GAO to broadly probe Iraq contracts

The General Accounting Office will launch a broad-scale probe into methods and secrecy that surrounds awarding of contracts to rebuild Iraq, Comptroller General David Walker said Thursday in an interview with National Journal Group reporters.

But Walker said he had rejected as inappropriately partisan the specific request from House Government Reform ranking member Henry Waxman, D-Calif., and House Energy and Commerce ranking member John Dingell, D-Mich., to investigate whether KBR, the engineering division of Halliburton formerly known as Kellogg Brown & Root, received "favorable treatment" in being awarded a contract by the U.S. Army Corps of Engineers.

"We're not going to do work targeting particular contractors," Walker said. "I believe that has a partisan tint." Walker said that as part of the broader review, it was "highly likely Halliburton will come into the scope," but he said no company would be singled out for scrutiny. Vice President Dick Cheney was Halliburton's CEO before President Bush picked him for the 2000 GOP ticket.

In a wide-ranging interview today with National Journal and CongressDaily reporters, Walker said his agency's probe will be wider than an internal inspector general investigation under way by the U.S. Agency For International Development, which has come under fire from members of Congress, including Senate Governmental Affairs Chairwoman Susan Collins, R-Maine, and ranking member Joseph Lieberman, D-Conn. They were critical of the deliberations surrounding a $600 million contract to start rebuilding Iraq. AID on Thursday evening awarded the contract, which could be worth up to $680 million over 18 months, to Bechtel Restoration of San Francisco.

Walker said his agency would see what the AID inspector general does. "We'll consider that to the extent appropriate, but .... I expect we are going to do something more extensive than what I understand they did." He also said his agency's investigation will be wider than just probing AID, a lead agency in making Iraq reconstruction contracts, and include others that issue contracts.

On another controversial matter, Walker said it was strictly a "business decision" not to appeal a U.S. District Court ruling against GAO, which had sued to get information about the energy task force headed by Cheney. He said that a majority of Democrats and a "super majority" of Republicans he has talked to had felt he should not appeal. Asked if he had received any "threats" regarding the court case, he said only in "one circumstance" did he get what he described as a "thinly veiled threat" not to file the original lawsuit. It came from "a senior member of Congress" who mentioned Walker's budget situation, he said, but he would not identify the legislator.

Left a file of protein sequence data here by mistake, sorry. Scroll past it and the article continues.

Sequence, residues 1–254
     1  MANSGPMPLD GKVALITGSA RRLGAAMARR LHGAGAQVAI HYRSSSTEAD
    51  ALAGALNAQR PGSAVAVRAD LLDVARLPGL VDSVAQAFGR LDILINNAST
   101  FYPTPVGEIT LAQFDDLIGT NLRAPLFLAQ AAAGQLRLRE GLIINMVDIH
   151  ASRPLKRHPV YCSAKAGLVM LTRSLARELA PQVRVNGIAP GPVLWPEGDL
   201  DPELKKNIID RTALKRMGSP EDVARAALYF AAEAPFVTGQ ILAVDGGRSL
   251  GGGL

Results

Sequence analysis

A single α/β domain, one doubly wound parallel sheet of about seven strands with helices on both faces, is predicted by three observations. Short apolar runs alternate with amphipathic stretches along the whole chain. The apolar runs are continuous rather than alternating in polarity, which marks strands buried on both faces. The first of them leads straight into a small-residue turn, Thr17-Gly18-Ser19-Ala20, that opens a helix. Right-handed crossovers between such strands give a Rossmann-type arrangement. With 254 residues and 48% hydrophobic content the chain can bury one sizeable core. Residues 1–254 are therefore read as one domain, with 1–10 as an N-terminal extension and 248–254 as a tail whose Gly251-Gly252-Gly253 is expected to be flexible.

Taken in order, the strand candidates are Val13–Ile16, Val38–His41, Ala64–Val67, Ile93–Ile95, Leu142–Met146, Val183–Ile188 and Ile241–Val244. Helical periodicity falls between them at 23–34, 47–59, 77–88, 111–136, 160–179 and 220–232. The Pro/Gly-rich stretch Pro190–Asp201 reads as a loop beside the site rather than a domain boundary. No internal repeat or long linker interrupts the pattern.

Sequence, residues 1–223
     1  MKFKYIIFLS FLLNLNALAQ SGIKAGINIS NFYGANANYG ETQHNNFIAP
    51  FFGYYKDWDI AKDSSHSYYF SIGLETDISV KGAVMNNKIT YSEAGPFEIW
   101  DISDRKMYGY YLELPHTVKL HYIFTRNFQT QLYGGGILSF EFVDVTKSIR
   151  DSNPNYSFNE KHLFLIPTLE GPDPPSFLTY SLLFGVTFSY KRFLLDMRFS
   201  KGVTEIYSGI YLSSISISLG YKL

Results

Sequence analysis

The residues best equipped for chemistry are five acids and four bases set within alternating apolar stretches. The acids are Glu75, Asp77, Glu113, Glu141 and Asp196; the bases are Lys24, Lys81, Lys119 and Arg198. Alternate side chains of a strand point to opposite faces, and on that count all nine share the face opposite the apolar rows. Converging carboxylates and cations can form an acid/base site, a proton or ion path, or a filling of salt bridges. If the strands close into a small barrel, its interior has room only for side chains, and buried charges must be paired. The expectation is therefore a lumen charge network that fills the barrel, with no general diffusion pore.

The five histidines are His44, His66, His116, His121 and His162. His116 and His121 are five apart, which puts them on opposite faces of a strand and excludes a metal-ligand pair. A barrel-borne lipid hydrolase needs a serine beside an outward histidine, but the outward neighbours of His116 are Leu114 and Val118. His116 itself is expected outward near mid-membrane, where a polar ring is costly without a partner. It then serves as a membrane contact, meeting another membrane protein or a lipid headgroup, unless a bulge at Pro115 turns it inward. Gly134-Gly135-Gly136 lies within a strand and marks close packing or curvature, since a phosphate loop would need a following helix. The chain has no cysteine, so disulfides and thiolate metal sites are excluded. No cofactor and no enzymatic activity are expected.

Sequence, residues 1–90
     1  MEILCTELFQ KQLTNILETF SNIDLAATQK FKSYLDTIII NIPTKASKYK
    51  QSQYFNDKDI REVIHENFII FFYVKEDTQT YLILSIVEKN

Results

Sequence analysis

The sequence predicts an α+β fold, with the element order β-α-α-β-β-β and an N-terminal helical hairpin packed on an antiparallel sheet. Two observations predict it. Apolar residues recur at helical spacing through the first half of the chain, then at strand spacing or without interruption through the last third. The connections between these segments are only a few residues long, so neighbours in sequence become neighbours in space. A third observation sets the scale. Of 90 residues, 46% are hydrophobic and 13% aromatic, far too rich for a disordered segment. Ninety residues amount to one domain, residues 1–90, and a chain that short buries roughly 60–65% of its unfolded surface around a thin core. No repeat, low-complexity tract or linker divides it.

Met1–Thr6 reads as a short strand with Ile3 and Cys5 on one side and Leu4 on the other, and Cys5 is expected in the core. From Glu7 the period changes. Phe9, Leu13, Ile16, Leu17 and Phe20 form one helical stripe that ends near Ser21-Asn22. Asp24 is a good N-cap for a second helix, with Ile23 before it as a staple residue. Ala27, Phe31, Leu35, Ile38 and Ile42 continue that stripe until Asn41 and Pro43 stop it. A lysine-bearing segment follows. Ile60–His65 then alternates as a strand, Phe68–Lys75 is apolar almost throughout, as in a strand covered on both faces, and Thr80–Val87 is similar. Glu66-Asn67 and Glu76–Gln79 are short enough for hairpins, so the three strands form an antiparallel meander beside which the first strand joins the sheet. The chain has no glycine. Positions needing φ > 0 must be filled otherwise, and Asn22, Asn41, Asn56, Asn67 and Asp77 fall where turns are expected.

Stay up-to-date with federal news alerts and analysis — Sign up for GovExec's email newsletters.
Close [ x ] More from GovExec

Thank you for subscribing to newsletters from
We think these reports might interest you:

  • Sponsored by G Suite

    Cross-Agency Teamwork, Anytime and Anywhere

    Dan McCrae, director of IT service delivery division, National Oceanic and Atmospheric Administration (NOAA)

  • Data-Centric Security vs. Database-Level Security

    Database-level encryption had its origins in the 1990s and early 2000s in response to very basic risks which largely revolved around the theft of servers, backup tapes and other physical-layer assets. As noted in Verizon’s 2014, Data Breach Investigations Report (DBIR)1, threats today are far more advanced and dangerous.

  • Sponsored by One Identity

    One Nation Under Guard: Securing User Identities Across State and Local Government

    In 2016, the government can expect even more sophisticated threats on the horizon, making it all the more imperative that agencies enforce proper identity and access management (IAM) practices. In order to better measure the current state of IAM at the state and local level, Government Business Council (GBC) conducted an in-depth research study of state and local employees.

  • Sponsored by Aquilent

    The Next Federal Evolution of Cloud

    This GBC report explains the evolution of cloud computing in federal government, and provides an outlook for the future of the cloud in government IT.

  • Sponsored by LTC Partners, administrators of the Federal Long Term Care Insurance Program

    Approaching the Brink of Federal Retirement

    Approximately 10,000 baby boomers are reaching retirement age per day, and a growing number of federal employees are preparing themselves for the next chapter of their lives. Learn how to tackle the challenges that today's workforce faces in laying the groundwork for a smooth and secure retirement.

  • Sponsored by Hewlett Packard Enterprise

    Cyber Defense 101: Arming the Next Generation of Government Employees

    Read this issue brief to learn about the sector's most potent challenges in the new cyber landscape and how government organizations are building a robust, threat-aware infrastructure

  • Sponsored by Aquilent

    GBC Issue Brief: Cultivating Digital Services in the Federal Landscape

    Read this GBC issue brief to learn more about the current state of digital services in the government, and how key players are pushing enhancements towards a user-centric approach.


When you download a report, your information may be shared with the underwriters of that document.